By Larry W. Dallas
Both plant progress and planting progress slowed in May. Cool weather kept emerged crops from making much growth. We had several frosts and daytime temperatures were only about 60 degrees early in the month. Soybeans came up very slowly. The corn that had emerged was mostly yellow.
We did not have a lot of rain through this time period, but it did not dry very fast with the cold. We had a couple of multiple-day shutdowns waiting on the ground to dry enough to work and plant. Some farmers are done with both corn and beans as I write this. Others are waiting to finish one or the other.
Conditions have varied widely across the state. As of May 17, it was estimated Illinois farmers had planted 86 percent of their corn, slightly ahead of average, and 71 percent of the soybeans. That is well above the average of 40 percent. Talking to farmers from around the state in Bloomington this week for Illinois Farm Bureau Board I would estimate only about half of the Board was done planting. Western and Southern Illinois have stayed too wet for fieldwork.
As planting is finished, we turn to other tasks to care for the growing crop. Nearly every field will get another herbicide application. Good control of weeds is a huge step toward a good yield. We use herbicides to accomplish the weed control we formerly did with multiple row cultivations.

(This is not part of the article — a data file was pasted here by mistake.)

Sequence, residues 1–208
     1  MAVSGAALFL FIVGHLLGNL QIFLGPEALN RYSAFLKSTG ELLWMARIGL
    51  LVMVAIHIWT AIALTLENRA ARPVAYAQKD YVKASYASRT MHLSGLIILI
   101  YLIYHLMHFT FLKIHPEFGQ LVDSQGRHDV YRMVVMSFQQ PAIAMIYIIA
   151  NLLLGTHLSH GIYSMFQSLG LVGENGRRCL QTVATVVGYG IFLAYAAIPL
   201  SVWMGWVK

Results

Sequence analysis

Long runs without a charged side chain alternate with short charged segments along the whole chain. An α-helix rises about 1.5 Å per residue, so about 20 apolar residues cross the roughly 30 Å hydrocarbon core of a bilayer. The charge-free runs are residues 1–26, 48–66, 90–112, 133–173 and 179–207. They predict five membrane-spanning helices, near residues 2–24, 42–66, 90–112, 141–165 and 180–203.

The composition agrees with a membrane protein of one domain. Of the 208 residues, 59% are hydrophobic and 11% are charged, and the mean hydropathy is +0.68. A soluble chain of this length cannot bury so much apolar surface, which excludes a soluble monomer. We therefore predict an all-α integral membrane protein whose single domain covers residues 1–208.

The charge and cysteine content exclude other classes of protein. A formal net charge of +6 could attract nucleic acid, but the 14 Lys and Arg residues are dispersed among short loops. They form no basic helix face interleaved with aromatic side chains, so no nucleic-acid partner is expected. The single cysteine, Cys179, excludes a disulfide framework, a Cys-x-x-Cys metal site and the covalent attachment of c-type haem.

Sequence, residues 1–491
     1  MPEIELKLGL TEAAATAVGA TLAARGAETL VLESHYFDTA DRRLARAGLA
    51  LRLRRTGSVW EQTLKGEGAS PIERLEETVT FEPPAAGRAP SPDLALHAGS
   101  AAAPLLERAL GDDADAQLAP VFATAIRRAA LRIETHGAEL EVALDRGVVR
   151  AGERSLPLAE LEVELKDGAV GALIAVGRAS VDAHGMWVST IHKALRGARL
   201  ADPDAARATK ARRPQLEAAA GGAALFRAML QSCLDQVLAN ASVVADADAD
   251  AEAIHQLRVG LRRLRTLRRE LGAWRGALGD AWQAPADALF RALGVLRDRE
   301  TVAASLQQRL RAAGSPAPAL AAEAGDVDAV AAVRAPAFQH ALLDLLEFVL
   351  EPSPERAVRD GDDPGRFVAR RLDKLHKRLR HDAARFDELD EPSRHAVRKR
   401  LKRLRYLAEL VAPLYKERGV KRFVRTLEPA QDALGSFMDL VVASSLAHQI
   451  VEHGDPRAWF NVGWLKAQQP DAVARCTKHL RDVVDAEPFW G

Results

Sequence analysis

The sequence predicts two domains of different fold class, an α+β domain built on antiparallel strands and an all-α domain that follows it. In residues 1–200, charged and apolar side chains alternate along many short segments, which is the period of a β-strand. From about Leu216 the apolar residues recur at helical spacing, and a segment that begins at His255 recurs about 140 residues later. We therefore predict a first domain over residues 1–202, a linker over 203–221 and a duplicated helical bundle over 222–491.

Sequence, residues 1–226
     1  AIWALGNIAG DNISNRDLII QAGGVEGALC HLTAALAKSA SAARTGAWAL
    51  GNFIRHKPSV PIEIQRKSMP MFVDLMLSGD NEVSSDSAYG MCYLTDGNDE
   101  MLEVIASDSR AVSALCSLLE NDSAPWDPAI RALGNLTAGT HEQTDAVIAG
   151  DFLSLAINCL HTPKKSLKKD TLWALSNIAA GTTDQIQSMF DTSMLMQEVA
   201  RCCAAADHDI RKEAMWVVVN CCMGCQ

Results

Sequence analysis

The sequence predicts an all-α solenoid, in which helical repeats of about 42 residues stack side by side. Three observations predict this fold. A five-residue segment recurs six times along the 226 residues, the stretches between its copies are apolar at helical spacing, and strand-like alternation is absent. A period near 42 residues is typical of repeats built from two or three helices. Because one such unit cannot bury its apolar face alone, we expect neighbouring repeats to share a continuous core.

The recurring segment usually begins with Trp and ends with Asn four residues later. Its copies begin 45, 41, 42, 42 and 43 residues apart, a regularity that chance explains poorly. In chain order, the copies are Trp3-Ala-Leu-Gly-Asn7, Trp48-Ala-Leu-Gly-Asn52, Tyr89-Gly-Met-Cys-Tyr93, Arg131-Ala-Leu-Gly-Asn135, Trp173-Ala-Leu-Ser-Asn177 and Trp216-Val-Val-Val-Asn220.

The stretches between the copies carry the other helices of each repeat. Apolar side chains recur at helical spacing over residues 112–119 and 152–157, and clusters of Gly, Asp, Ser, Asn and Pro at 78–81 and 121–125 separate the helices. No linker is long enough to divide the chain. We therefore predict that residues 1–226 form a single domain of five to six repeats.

Nitrogen is going on some fields. Corn is a huge consumer of nitrogen. For most of our corn, we applied the bulk of the nitrogen fertilizer last fall, with some added at planting to jumpstart the young plants. A couple of our fields and many in the county got some nitrogen at planting. The main application will be done after the corn comes up, in what we call a side-dress application.
There are advantages to both systems. Nitrogen fertilizer was much cheaper last fall than it can be purchased for right now. Nitrogen side dressed into the growing crop is applied closer to the time when the plant will need it. It is less likely to escape the soil than fall-applied fertilizer. Both methods are effective and can result in excellent yields.
The term side-dress reminds me of a reader complaint about last month’s column. I referred to some farmers in the Dakotas thinking about using prevent plant because it was so dry, they did not think there would be enough water this year to raise a crop. Prevent plant is a provision of the crop insurance most of us purchase. If planting is delayed so late into the growing season that the yield will be hurt, there is the option of not planting and taking a reduced insurance payment. I do not know if this was allowed. It does remain very dry in the Dakotas.
Farmers use a lot of terms not readily understood by the non-farming public. The terms side dress or prevent plant have instant meaning to us but may not be clear to others. We call the big folding mowers we use on roadsides batwings. That is descriptive but a mower is not the first thing that comes to mind. The narrow row planter we use for soybeans is a split row planter. It has another row unit between the ordinary row spacing of 30 inches, so it is a split row.